The Fibonacci trading tool can be used to enter a position at one of the retracement levels when the price pulls back and then exit at one of the extension levels.
Extension levels of the Fibonacci trading tool can be applied to an uptrend for:
- Potential long entry at a retracement level
- Potential exit at an extension level
How to choose the extension level to determine Take-Profit levels
The extension levels can be matched to the corresponding retracement levels to maximize profitability. For example, if the price retraced to the 38.2% retracement level, then the related extension level would be 138.2.
- Short entry at 38.2% retracement level
- Corresponding extension level at 138.2%
The related extension to the 50.0 or 61.8 retracement level is 161.8.
- Short entry at 50.0% retracement level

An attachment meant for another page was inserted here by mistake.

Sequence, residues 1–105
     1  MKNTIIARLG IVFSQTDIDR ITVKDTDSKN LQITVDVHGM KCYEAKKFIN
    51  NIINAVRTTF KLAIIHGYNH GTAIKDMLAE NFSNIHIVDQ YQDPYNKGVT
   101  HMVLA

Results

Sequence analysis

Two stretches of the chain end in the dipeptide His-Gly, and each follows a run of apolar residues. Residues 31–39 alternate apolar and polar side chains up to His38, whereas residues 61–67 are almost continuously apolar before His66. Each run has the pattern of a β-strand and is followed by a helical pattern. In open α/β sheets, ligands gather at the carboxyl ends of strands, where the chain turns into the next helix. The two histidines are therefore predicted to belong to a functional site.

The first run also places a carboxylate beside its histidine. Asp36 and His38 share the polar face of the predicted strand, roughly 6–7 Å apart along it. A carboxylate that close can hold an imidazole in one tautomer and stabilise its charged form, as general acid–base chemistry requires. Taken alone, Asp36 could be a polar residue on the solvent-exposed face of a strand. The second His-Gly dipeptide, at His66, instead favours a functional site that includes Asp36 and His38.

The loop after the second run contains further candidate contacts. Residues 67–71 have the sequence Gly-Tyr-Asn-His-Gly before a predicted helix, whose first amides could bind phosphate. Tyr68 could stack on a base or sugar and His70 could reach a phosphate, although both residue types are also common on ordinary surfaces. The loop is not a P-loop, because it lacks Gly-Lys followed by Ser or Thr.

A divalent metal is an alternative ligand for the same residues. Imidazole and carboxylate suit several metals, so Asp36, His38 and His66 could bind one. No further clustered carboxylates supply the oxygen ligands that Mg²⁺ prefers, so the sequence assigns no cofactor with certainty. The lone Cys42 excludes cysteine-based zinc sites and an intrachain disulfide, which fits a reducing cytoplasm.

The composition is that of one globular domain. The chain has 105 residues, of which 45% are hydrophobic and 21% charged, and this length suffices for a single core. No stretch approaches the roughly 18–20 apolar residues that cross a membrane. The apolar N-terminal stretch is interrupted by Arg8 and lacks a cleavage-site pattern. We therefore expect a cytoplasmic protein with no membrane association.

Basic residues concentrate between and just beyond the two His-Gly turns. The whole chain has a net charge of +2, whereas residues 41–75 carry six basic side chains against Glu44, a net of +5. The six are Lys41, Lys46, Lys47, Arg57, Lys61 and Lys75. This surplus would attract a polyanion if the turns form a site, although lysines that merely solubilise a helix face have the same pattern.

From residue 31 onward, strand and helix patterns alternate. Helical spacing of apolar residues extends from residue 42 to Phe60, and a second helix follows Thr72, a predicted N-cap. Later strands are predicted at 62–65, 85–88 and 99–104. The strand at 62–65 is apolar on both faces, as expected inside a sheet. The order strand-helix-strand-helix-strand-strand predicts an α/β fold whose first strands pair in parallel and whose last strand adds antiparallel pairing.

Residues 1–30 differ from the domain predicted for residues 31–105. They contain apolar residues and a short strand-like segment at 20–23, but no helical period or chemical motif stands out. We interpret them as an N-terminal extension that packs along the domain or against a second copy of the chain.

- Corresponding extension level at 161.8%
The first question you may ask is “why do Fibonacci retracement and extension levels correspond with each other?.” The answer comes back to a self-fulfilling prophecy. Banks and large financial institutions will look to take their profit at some point and targeting a Fibonacci extension level is one method they use. They will be expecting other banks and traders to exit at these levels and so based on these expectations, they do the same – hence a self-fulfilling prophecy.
However, it is important to note that this is not a fixed rule; for extension levels to work, they must be in a confirmed trend, and this does not happen every time.
Using each level as a target
An easier method of using the extension levels is simply to exit when the price finds significant support or resistance there. In other words, if the price seems to have trouble breaking through a Fibonacci trading level, then this can be deemed a good exit.
Limitations of Fibonacci Retracement Levels
While the retracement levels indicate where the price might find support or resistance, there are no assurances the price will stop there. Therefore, other confirmation signals are often used, such as the price starting to bounce off the level.